Venice Beach

Venice Beach and its 1,310 foot pier is one of the more popular tourist destinations in Southern California and it was once an amusement pier on a much grander scale than it’s neighbor – the Santa Monica Pier – a couple miles to the north.

The Venice Pier Beach is more “artsy” and “hip” area than its northern neighbor and has a reputation for great people watching and street entertainers.  Ocean Front Walk is a paved pedestrian path that runs north and south right in front of the buildings that face the waves. A paved bike path also takes off north from the pier on the beach offering a great bicycle route to Santa Monica. Bike rentals are available here.

It’s popular with surfers that catch waves near the pier. The wide beach has numerous volleyball courts, restrooms, showers, and picnic tables. The fishing pier is a great cool down spot (it is often 10 or 15 degrees cooler than a block inland) and is wheelchair accessible with special sections where fishing from a wheelchair is possible.  A parking lot adjacent to the pier charges a flat rate of between $5 and $15 depending on the season.

To the immediate north is the famed Muscle Beach. Street performers and artists entertain on the adjacent boardwalk, which is home to a wide variety of shops that sell everything from souvenir muscle tees to local art. Abundant dining options are available just off of the pier.

History of Venice Pier

Venice Pier
Sailboat seen in the distance beyond Venice Pier

The town of Venice Beach was founded in 1905 as a seaside resort town. The current Venice Pier was one of three piers in Venice Beach, California, and a more elaborate amusement destination than today’s Santa Monica Pier. The three piers were built during a time when developers had to actually lure people to live by the ocean!

Venice, originally called “Venice of America,” was founded by Abbot Kinney who bought two miles of oceanfront property south of Santa Monica in 1891. They built a resort town on the north end of the property, called Ocean Park, which was soon annexed to Santa Monica.

Kinney began to construct a new city originally named Venice of America.  When it opened on July 4, 1905, Kinney had had built a 1,200-foot long pleasure pier with an auditorium, ship restaurant, and dance hall, a hot salt-water plunge, and a block-long arcaded business street with Venetian architecture.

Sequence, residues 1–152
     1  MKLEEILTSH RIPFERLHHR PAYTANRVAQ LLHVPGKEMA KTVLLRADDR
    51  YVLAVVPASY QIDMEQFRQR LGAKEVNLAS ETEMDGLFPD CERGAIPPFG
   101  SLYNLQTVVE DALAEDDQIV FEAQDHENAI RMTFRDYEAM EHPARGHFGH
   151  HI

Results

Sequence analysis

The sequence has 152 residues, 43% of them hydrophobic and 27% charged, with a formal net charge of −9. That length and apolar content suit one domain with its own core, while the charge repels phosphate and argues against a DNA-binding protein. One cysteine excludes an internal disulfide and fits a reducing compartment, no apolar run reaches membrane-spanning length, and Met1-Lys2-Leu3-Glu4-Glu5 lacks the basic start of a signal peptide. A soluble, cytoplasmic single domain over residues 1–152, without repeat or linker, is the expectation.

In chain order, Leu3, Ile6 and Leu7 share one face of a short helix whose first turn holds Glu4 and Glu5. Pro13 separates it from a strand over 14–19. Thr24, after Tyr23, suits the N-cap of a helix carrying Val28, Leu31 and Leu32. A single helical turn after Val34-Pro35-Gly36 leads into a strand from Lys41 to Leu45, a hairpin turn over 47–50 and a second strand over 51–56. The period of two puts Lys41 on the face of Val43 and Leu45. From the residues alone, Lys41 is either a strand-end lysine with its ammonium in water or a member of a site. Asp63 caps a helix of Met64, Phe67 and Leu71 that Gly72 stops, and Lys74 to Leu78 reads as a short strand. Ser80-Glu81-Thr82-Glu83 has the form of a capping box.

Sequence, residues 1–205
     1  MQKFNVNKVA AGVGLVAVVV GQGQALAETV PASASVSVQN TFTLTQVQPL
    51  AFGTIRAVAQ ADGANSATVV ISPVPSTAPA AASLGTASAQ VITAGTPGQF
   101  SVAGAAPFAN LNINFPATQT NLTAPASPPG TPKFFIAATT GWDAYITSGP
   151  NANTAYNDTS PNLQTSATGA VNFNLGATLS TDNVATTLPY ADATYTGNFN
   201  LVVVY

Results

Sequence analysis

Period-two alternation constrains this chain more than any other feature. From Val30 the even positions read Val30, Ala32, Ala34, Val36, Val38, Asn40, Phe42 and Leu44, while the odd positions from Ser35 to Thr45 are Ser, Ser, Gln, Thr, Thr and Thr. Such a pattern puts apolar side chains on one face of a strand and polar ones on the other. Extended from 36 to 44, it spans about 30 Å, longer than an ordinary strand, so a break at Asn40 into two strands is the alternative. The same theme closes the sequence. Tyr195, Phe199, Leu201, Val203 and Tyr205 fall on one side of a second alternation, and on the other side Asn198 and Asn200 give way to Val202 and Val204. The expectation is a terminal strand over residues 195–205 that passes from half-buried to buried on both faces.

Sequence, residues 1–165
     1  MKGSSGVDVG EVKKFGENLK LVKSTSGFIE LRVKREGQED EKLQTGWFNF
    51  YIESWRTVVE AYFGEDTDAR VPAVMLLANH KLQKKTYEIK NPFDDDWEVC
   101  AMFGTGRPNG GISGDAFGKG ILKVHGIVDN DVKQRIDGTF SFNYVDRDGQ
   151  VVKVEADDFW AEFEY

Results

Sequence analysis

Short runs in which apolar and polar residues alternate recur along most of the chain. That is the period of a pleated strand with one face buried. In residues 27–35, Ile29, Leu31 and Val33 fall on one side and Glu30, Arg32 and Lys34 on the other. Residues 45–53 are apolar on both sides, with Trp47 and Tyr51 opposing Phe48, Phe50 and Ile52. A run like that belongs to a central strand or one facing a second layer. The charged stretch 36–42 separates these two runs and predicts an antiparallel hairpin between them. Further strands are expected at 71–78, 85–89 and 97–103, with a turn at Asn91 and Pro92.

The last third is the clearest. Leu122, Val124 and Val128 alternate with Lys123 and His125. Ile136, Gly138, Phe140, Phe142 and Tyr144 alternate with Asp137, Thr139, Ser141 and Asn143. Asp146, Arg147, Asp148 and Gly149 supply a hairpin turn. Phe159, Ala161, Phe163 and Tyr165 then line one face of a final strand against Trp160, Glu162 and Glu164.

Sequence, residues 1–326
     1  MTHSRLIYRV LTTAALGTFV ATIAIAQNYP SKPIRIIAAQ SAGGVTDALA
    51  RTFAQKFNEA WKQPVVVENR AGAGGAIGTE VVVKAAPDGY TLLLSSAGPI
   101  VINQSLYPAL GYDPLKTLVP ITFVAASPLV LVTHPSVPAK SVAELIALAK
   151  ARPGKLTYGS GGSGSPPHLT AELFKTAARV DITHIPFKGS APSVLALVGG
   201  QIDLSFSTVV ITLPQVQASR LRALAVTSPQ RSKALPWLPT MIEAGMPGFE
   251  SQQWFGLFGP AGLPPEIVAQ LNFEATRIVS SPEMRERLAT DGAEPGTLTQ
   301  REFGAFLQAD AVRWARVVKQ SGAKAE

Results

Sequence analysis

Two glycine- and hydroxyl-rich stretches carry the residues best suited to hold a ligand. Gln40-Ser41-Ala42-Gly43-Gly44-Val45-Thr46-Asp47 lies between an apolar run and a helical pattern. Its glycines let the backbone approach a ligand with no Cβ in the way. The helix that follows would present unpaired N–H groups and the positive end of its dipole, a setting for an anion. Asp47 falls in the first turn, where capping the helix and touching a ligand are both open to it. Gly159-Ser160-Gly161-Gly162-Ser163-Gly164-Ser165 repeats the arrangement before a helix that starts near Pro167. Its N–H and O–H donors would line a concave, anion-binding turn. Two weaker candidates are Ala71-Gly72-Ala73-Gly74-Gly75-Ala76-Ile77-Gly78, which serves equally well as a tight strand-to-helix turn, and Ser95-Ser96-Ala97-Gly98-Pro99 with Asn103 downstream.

By 1910 attractions on what was then called the Kinney Pier became more amusement-oriented by 1910.  A  Venice Miniature Railway, Aquarium, Virginia Reel, Whip, Racing Derby, and other rides and game booths were added. Kinney  died in November 1920 and the amusement pier burned down six weeks later in December 1920.

Amusement piers were exceptionally popular during this era.  Just a few blocks to the north was Ocean Park’s Pickering Pleasure Pier (demolished in 1974) and the Sunset Pier just a couple of blocks to the south that featured the Sunset Ballroom and a restaurant (demolished in 1965).

The Kinney family quickly rebuilt their amusement pier to compete with the neighboring piers. When it opened it had two roller coasters, a new Racing Derby, a Noah’s Ark, a Mill Chutes, and many other rides. By 1925 with the addition of a third coaster, a tall Dragon Slide, Fun House, and Flying Circus aerial ride, it was the finest amusement pier on the West Coast. Several hundred thousand tourists visited on weekends.

What happened to the various piers in the area over the years could fill a book.  The current Venice Pier was built in 1963 and by the 1980’s it was deteriorating. It was scheduled for demolition in 1986. Venice residents rallied to the cause, and after years of perseverance the pier was restored and reopened in 1997.  On December 21, 2005, the pier again suffered damage when waves from a large northern swell caused part of it to fall into the ocean. It was reopened again in 2006.

The restored pier is managed by the City of Los Angeles, Parks and Recreation Department and is open from 6 a.m. to midnight.  It is located at the western terminus of Washington Blvd.

Stay tuned as we bring you more articles about Venice of America, the Venice Canals and more of the attractions in Venice Beach.

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Venice beach
Venice Beach to the south of Venice Pier.